Whistleblower Exposes Facebook Internal Records

Before leaving Facebook—now known as Meta Platforms—former employee Frances Haugen downloaded thousands of internal documents, which she recently provided to the U.S. Securities and Exchange Commission. A redacted version of these files, known as the “Facebook papers,” was given to Congress and a number of news organizations. The documents expose the social media platform’s tendency to prioritise profitability over monitoring content, which leaves users vulnerable to misinformation. 

The papers showed that Mark Zuckerberg, founder and Chief Executive Officer of Meta, made public statements that falsified the company’s actions. For example, Zuckerberg testified in front of Congress that Facebook removes 94% of hate speech without user reporting; however, according to a report from INSIDER, the documents included research indicating that the company actually takes down only 5% of posted hate speech. 

Furthermore, the documents reveal that the company prioritizes maximizing user engagement over user safety. One report from 2019 tracked a dummy account impersonating a conservative mother, and, in just a few days, the algorithm led her to QAnon, a right-wing conspiracy theory movement linked to the January 6 Capitol riot. In addition, since 2017, algorithms have drawn more attention to posts that were reacted to with angry emojis, as opposed to positive ones. Posts that evoke anger, which often contain misinformation, are proven to engage users better.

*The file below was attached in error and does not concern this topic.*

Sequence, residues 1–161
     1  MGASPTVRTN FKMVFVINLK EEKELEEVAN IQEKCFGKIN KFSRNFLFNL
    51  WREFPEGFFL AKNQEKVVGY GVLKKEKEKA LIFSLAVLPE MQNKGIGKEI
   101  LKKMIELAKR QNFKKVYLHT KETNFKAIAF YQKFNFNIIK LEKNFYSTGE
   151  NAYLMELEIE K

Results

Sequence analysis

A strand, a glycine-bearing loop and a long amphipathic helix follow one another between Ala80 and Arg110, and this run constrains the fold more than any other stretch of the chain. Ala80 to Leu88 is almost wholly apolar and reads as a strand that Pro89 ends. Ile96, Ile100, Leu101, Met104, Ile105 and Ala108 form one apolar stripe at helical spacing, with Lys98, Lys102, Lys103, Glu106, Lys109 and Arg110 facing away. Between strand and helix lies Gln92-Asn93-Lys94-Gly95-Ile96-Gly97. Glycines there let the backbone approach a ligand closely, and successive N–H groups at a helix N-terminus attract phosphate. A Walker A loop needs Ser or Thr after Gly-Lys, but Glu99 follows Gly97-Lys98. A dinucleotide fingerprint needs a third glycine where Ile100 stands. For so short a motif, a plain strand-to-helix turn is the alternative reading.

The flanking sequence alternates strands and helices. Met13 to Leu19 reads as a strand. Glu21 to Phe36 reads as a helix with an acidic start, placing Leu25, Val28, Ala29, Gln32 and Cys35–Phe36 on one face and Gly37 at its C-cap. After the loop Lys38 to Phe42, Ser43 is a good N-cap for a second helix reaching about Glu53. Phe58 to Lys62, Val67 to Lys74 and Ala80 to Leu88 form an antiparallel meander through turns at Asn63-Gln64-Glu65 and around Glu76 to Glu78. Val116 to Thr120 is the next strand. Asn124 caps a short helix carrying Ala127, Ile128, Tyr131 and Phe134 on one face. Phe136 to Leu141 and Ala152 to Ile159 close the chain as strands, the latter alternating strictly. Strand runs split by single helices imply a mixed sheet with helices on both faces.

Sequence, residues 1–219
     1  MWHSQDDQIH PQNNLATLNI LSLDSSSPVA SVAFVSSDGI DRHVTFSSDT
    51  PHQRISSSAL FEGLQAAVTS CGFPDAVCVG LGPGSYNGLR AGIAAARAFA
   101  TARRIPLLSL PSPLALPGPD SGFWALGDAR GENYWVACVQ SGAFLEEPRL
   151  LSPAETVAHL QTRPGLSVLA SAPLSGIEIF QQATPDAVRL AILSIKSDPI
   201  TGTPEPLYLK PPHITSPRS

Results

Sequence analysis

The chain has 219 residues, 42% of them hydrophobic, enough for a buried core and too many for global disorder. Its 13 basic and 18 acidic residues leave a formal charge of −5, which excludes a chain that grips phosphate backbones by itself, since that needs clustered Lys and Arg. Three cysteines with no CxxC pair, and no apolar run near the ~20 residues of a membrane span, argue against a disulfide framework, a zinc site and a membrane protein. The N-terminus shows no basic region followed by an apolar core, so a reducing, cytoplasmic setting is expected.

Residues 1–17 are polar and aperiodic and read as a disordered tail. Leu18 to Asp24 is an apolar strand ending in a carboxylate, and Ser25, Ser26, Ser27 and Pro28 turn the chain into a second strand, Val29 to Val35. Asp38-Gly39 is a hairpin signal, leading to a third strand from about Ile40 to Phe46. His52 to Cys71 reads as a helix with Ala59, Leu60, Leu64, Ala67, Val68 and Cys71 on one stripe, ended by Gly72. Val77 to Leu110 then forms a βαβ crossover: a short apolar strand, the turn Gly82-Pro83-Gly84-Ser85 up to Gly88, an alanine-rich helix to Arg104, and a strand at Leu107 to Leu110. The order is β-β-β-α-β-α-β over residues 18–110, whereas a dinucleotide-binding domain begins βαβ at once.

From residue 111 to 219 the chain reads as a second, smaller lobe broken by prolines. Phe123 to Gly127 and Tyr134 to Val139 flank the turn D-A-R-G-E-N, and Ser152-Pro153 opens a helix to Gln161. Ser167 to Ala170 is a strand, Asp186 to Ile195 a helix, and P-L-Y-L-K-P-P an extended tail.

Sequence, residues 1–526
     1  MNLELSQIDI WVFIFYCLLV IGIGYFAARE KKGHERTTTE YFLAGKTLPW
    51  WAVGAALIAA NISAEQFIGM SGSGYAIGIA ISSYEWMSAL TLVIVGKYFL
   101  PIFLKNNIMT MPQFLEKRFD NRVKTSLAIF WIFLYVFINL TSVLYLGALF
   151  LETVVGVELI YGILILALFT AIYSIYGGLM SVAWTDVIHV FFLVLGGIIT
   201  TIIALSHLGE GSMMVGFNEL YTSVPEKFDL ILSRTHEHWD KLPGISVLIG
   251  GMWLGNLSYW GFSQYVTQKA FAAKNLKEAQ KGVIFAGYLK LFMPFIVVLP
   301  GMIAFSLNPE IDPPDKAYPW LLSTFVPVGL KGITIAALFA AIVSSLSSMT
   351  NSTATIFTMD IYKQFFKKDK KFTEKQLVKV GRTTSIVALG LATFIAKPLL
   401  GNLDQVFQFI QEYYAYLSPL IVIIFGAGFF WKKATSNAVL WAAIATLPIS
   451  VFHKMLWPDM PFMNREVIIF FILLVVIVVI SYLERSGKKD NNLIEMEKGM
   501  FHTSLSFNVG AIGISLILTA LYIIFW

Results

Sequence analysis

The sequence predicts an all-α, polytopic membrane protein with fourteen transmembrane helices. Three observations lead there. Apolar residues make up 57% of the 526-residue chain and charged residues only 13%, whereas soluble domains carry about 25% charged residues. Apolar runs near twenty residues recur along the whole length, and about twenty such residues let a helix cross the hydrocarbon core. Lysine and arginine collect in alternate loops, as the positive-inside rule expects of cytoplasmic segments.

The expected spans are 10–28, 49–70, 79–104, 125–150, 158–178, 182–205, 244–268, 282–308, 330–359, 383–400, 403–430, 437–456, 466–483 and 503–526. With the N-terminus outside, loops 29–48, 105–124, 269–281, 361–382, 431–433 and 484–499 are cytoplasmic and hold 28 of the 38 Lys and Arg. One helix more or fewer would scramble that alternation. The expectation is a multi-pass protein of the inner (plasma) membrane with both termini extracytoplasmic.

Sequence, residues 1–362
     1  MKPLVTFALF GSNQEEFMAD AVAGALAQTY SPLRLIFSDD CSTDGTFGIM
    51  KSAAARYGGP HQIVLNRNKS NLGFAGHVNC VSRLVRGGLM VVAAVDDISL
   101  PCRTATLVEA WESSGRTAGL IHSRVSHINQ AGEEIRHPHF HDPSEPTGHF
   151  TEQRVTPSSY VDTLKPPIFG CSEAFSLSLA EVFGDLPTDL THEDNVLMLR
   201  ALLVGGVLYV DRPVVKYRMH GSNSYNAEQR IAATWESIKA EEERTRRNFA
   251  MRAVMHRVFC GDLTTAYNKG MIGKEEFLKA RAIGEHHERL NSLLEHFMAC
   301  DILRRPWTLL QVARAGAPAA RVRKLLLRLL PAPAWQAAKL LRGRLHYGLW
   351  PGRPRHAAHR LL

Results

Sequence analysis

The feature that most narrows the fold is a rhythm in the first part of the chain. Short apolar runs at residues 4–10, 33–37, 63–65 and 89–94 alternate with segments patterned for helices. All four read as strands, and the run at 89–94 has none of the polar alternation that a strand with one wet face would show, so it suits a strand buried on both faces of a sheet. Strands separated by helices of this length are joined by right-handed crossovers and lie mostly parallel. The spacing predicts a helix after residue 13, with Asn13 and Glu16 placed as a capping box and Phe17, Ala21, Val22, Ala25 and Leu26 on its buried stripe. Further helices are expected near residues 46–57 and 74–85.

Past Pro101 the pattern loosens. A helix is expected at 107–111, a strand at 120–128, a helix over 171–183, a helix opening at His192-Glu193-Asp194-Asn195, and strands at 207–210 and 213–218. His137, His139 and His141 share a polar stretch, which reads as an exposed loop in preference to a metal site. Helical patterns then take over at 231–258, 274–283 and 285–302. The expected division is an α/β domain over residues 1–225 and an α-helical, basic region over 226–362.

After the 2020 presidential election, Facebook loosened its policies surveilling content that spread misinformation or encouraged violence. For instance, a ban placed on the “Stop the Steal” group was not extended to others in the same campaign. The Facebook Papers also revealed that the company is aware of its inaction against hate speech outside North America, with only 16% of the company’s efforts targeting countries outside the United States. 

The internal documents also show that high-profile accounts are regulated differently—for instance, former president Donald Trump’s inflammatory posts were rarely taken down by the platform. In the past, Zuckerberg defended Facebook’s lack of intervention by rationalizing that Facebook never claimed to be an “arbiter of truth.” However, according to the documents, XCheck, the system that exempts celebrity accounts from some or all of the company guidelines, was created by Facebook to prevent public relations backlash from high-profile accounts.

Over the last ten years, the primary age demographic on Facebook has increased as young adults have turned to other platforms for their social media. Many young users view the site negatively, partly because of concerns over invasions of privacy. Rose Fieldman ’23 said, “I feel like I am desensitized [to these violations] because I know that it’s been happening my whole life and I’ve been educated about it.” On the other hand, Antonia Toro ’24 said, “The fact that social media platforms retain personal information makes me uncomfortable. I’ve become more reluctant to use those sites when I notice the algorithm using my private information for advertising or other purposes.” 

Social media is also criticized for having negative effects on young adults’ and adolescents’ mental wellbeing: Instagram, another social media platform owned by Facebook, has recently come under fire for being especially detrimental to the mental health of teenage girls. Kiera Dwan ’24 says the implications of social media on adolescents is twofold: “It can spread misinformation in terms of news and politics, but it also [impacts] how teenagers view themselves. [We] are bound to compare [ourselves], [and] social media amplifies this, decreasing confidence and trapping people in a constant cycle of trying to be someone else.” 

The company has decided to delay the release of a version of Instagram designed for children. Coincidentally, Facebook’s rebranding as Meta, an ambition that has been in progress for years, has come at the perfect time to transition away from its reputation of a scandal-ridden social media platform.